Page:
New Interior Minister of Pakistan has terrorist links: Accuses Opposition

Islamabad, Pakistan: Most Interior Ministers of Pakistan in the last three decades have had deep ties with militant groups from where they have sourced personnel for fomenting and exporting terrorism.

The letter to UN High Commissioner for Human Rights Michelle Bachelet is written by human rights minister Shireen Mazari, a security expert-turned-politician well known on the global circuit of security and foreign affairs conferences.

As the saying goes, it appears to be a case of kettle calling the pot black. Although Mazari does not mention it, Rana Sanaullah, the current Interior Minister is known to have connections with UN-proscribed Lashkar-e-Toyaba (LeT) and Jamaat-Ud-Dawa (JuD) of Hafiz Saeed, who is currently in jail serving a 31-year sentence.

The Imran Khan Government said that Mazari had served Brigadier (rtd) Ijaz Butt, a key officer of the Army’s ISI. While in service, he had accepted he surrender of Mohammed Khalid Sheikh, one of the 9/11 masterminds and the killer of American journalist Daniel Pearl. Butt was supposed to have protected Sheikh through the years of trial, jail and conviction. The conviction has been overturned and Sheikh’s whereabouts and the precise status whether he is in jail, or on bail, is not known.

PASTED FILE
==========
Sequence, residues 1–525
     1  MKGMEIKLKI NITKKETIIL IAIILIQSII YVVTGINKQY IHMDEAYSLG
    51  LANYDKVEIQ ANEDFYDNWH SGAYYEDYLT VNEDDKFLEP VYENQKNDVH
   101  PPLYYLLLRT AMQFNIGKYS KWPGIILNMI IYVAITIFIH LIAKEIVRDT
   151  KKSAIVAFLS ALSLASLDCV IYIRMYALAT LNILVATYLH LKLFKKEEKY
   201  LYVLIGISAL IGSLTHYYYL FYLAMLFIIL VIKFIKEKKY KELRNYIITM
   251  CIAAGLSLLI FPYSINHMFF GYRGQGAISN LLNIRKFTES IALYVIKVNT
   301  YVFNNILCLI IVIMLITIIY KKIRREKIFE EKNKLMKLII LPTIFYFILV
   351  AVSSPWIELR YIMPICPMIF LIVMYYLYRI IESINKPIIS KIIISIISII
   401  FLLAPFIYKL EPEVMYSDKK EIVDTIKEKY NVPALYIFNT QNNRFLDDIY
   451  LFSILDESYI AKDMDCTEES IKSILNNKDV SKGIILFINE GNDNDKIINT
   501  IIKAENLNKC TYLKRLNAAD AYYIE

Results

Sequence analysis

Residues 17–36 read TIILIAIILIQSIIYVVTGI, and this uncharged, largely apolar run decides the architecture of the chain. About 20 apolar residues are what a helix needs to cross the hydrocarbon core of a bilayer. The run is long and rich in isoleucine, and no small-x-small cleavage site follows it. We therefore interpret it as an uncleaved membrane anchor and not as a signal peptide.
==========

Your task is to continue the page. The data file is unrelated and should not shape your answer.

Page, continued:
Imran Khan’s last Interior Minister, Shaikh Rasheed Ahmed, was known to have links with the militants.

Pakistan’s Ministry of Interior, in Urdu Wazarat-e- dakhla (abbreviated as MoI) has been considered a key area. Earlier rulers, Field Marshal Ayub Khan and Z A Bhutto personally headed them till they found persons they could trust. Gen. Yahya Khan had as his Interior Minister Lt-Gen. Abdul Hamid Khan, one of the top serving corps commanders.

Senior military officers, retired or in service, politicians with clout and top intelligence operatives have handled this portfolio in the past.

Benazir Bhutto’s Interior Minister Major General (rtd.) Naseerullah Babar facilitated the birth of the Taliban in Afghanistan when Pakistan decided to end the lawlessness that was rampant among the squabbling Mujahideen who took power after the Russians withdrew from Afghanistan.

One of the longest-serving Interior Ministers who served in the Zardari Government was Rahman Malik, the former Intelligence Bureau Chief. He held the office for five years.

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